The town’s not giving up, two-term Mayor Frank George told me. George, 65, moved to Kirbyville in 1967 and was a longtime Borden’s milkman before becoming a partner in locally owned Jenny’s Fried Chicken in 1991. He started out part-time, coming in to cut up chicken after finishing his milk route. “I needed another job; I was making $90 a week,” he recalled, while I took notes in a booth over “two pieces, mixed, with french fries and a roll.”

The chicken is good, and so is business - so good, in fact, that George is building a larger restaurant. “The community has been good to us,” he said. “We’re the get-together place.”

The mayor’s municipal duties, on the other hand, are a challenge. “Hurricane Rita almost did our community in,” he said.

Instead of laying people off in the aftermath of the storm, the town reduced hours, which prompted the entire police department to quit. “Nobody got mad enough not to come back,” the mayor said, although the town still needs a city administrator, an economic development board and a website. It also needs a supermarket, a hospital, some kind of industry - “anything to create permanent, well-paying jobs.”

Retirees make up a large portion of the population, and with their property taxes frozen the city doesn’t have a lot to work with. The two largest employers are the school district, which has a good reputation, and the Jasper-Newton Electric Co-op, a mainstay of the community since its founding in 1943. “The co-op has kept the city going,” George said.

Kirbyville needs young people moving in. “Maybe not a million,” the mayor says, “but we’d take a thousand.”

It needs people who stay, young people and not so young who put down roots, who get involved. People like Vondol Bailey and Pat Manchac. Both are retired; both are busier than they’ve ever been. Bailey, a former school secretary who serves on the City Council, is secretary of the Magnolia Festival and president of the Kirbyville Heritage Society. She also runs the monthly country music show at the restored Palace Theater downtown.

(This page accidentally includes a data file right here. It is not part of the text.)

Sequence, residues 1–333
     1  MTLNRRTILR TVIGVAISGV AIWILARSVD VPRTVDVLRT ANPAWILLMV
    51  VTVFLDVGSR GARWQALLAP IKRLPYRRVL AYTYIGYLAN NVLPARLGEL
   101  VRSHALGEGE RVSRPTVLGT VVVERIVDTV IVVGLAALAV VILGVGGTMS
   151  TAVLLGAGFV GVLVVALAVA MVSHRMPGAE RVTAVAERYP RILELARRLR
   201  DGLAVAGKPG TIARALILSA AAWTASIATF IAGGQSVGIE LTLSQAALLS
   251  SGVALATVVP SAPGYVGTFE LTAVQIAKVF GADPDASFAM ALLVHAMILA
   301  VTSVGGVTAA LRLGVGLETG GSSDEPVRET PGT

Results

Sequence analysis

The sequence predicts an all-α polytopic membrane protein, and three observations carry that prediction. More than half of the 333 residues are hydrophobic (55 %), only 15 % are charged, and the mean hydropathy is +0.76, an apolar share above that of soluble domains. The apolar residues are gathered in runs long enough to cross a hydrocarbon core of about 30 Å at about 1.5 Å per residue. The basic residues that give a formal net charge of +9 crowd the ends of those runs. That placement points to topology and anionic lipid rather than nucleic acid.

“We’re proud of this little town,” she said. “We’re getting a Chinese restaurant and a lawn-mower racing track. It’s big. The guy who runs the car wash is putting it in.”

Manchac puts on big-time barbecues for charitable events, sells fireworks and volunteers at the Calaboose Museum. When I ran into him downtown, he was putting in redwood picnic tables and building a white picket fence for a pocket park where a building used to be.

On Halloween night of his long-ago senior year, Manchac and some buddies got in trouble for piling out of a pickup and hurling bottles of black ink and eggs at the city jail. They almost didn’t graduate the next spring because, once they got caught, the acid they used to clean the building drained onto the sidewalk and ate away the soles of DPS officers’ shoes, plus they charged $200 in paint to the school agriculture department.

Last year, 53 years after the Halloween prank, Manchac repainted the two-story jail, now the Calaboose Museum, and got his old buddies to help him organize the exhibits. “This is my place,” he said of the town.


Information from: Houston Chronicle, https://www.houstonchronicle.com